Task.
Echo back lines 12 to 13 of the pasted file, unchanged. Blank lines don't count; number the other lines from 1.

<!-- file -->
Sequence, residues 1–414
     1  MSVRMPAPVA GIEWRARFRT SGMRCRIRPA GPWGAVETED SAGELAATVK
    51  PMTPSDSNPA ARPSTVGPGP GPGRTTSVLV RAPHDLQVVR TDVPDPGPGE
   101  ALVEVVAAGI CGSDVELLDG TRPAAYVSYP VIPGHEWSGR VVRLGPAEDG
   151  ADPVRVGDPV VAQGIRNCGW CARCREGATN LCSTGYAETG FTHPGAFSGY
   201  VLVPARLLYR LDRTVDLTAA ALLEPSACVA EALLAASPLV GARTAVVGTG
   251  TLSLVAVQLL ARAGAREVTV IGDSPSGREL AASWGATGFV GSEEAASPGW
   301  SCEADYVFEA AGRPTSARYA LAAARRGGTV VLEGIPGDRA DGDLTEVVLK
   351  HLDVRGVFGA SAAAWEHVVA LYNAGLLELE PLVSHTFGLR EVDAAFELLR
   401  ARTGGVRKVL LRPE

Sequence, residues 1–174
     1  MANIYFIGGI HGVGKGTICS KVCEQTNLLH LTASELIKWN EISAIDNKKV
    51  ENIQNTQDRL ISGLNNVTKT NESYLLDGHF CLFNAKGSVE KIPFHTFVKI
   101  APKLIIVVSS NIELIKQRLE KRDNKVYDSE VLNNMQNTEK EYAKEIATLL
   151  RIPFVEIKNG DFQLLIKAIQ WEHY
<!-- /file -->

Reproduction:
     1  MANIYFIGGI HGVGKGTICS KVCEQTNLLH LTASELIKWN EISAIDNKKV
    51  ENIQNTQDRL ISGLNNVTKT NESYLLDGHF CLFNAKGSVE KIPFHTFVKI